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Topic: LM34/35 temp sensor (Read 3269 times) previous topic - next topic

brainfart

I am interested in measuring temperatures using the LM34 or 35. The LM34 measures in Farenheit, while the LM35 does degrees Centigrade. Here is the datasheet:

http://www.national.com/pf/LM/LM35.html
http://www.national.com/ds.cgi/LM/LM35.pdf

The temp sensor will output a voltage of 200mV at 20°C, 500mV at 50°C, 1000mV at 100°C etc. You get the picture.

How exactly do I have to connect the sensor to the Arduino's analog input? What kind of resolution can I expect? 5V/10bit = 5V/1024 = 5mV, or 0.5°C? Is there a way to improve this without using an op amp?

Daniel

#1
Oct 26, 2006, 08:16 am Last Edit: Oct 26, 2006, 08:28 am by Daniel Reason: 1
I have used these a few times and they are a snap to wire up. Connect power and ground, and the remaining pin gives you an output voltage proportional to temperature.

There are three pins on the sensor:

+Vs      >>     connect  to Arduino +5V

Vout      >>    connect  to an Arduino Analog input  
(they suggest a 2 to 100K resistor in series with the sesnor output in the data sheet, but not completely necessary)

GND      >>     connect to Arduino ground

I think your resolution calculations are about right, and that to do better you would need an op amp to optimize the voltage swing of the sensor's output, i.e move it from 200mv full scale to 5V full scale. You may find that  in practice, the actual sensing area is very tiny, and once hooked up might not appear to have a realy strong correspondence to the actual room temperature... temperature variations are a pretty subtle thing to sense.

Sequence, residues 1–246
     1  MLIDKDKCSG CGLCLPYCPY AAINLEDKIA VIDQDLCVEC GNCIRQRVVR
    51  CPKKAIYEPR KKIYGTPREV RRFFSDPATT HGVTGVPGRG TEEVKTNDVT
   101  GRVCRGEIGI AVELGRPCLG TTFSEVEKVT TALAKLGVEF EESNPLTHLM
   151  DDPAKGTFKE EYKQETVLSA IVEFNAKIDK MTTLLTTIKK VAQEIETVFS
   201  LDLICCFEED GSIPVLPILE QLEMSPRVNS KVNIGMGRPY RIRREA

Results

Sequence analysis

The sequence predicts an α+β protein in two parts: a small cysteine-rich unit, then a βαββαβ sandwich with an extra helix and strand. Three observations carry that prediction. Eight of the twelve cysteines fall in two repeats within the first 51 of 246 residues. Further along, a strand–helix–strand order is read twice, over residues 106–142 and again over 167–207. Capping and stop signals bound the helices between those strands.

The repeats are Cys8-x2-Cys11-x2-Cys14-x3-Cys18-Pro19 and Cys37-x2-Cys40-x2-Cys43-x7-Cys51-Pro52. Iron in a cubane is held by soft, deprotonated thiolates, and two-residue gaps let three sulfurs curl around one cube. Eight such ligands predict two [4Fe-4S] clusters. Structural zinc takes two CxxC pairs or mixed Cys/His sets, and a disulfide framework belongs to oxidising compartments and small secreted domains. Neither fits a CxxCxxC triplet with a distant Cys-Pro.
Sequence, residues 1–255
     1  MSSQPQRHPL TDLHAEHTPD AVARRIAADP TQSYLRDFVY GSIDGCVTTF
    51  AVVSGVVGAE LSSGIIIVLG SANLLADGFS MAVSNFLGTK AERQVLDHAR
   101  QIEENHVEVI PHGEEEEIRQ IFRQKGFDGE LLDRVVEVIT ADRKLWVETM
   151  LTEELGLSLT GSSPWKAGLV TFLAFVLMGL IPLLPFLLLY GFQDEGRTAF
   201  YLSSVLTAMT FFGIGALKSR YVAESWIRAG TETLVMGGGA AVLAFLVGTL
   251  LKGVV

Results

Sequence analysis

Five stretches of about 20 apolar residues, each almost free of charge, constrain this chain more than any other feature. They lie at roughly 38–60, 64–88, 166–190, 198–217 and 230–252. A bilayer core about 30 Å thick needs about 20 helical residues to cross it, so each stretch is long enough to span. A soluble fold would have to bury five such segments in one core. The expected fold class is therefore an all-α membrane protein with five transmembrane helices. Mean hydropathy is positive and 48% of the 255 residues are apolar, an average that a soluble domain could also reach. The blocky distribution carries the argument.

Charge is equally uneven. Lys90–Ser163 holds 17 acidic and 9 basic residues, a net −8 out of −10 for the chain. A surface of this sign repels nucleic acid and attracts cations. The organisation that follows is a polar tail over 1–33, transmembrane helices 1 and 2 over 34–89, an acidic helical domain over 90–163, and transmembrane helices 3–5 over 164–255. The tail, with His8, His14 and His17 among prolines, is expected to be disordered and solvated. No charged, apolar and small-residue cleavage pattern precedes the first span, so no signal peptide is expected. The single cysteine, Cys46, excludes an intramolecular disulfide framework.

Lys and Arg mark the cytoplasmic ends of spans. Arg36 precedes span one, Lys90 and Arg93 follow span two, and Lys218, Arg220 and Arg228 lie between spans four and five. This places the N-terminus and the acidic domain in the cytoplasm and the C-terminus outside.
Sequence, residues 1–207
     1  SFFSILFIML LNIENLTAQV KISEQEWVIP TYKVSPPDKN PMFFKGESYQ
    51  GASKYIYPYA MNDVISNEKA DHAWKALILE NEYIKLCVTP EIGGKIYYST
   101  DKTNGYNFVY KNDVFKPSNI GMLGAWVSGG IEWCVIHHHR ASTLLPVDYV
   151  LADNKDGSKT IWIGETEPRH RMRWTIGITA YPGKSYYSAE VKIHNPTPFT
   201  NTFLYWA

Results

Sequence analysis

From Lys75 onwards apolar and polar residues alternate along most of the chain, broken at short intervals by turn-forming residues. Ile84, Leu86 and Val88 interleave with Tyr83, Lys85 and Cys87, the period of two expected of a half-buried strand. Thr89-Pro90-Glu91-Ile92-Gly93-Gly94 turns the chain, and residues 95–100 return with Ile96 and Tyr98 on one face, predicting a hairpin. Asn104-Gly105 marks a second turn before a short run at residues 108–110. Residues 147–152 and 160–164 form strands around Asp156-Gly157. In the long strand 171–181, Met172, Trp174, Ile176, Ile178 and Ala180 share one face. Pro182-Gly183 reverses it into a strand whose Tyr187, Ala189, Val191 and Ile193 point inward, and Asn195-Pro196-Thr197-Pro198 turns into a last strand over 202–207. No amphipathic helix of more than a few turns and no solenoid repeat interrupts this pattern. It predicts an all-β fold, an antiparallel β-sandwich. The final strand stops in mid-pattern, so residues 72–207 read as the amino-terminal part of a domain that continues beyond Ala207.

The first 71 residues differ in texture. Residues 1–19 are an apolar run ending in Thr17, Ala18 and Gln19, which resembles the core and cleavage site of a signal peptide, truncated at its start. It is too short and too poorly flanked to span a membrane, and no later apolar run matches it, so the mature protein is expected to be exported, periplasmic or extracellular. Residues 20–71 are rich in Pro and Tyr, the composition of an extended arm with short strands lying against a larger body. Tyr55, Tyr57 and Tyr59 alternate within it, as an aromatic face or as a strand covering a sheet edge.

Glueing or calmping the sensor to something like a heatskink might help with the response...




Numbski

Don't mind me - I'm just bumping a message that's almost 2 years old. ;)

So - I'm trying to make some sense of the math here.  I have an LM34, and the math is obviously the same.  I'm using Perl to connect and get the raw reading back from the LM34.  .5 degrees isn't quite accurate, it's more like .488 mV, or 500mV/1024 (10 bits).

But that math doesn't make even the slightest sense to me.  I've read the first post here upside down and sideway, and where are we getting 10 bits from?  The documentation for the LM34 doesn't make any mention of this.  Is it just a known thing about the arduino that if you hook up a 5V analog device that it has a range of 0 bits to 10 bits, thus it's always going to be a division of 500mV/1024?


BigMike

Numbski,

the ADC on the AVR chip on the Arduino has a 10 bit resolution.

Regards,

Mike

Oracle

The 10-bits comes from the Arduino's analog-to-digital converter.  Any analog signal you connect is coverted to a 10-bit digital value (0 to 1023).

The Arduino has an analog reference voltage that you can use to shrink the range, so for example, you can supply 2 volts there and then have the 0 to 2 volt range over 1023 values and you'd have under 2mV resolution.

Numbski

There we go.  That's what I was missing - I had no idea where on earth those numbers were coming from! :P

FYI to anyone that does this with the LM34 vs LM35 - don't just fudge the conversion by just doing OUTPUT * .5 - for Fahrenheit that WILL throw off your reading.  A common room temp output will be 144.  At .5 that then goes to 72 degrees.  Doing it properly and doing OUTPUT * .4882 gives you 70.3, and that's enough to screw up things just enough to make you scratch your head. :)

Kirby

If you use analogReference(INTERNAL) you can have a 1.1V reference which will give should work fine up to about 110 degreesF. (LM34)

RodW

Kirby, Thanks for that, that is a great idea. I have been playing with an LM35 (celcius) sensor and it seems a great idea as that also gets the LM35 to 110 celcius which would be enough for me.

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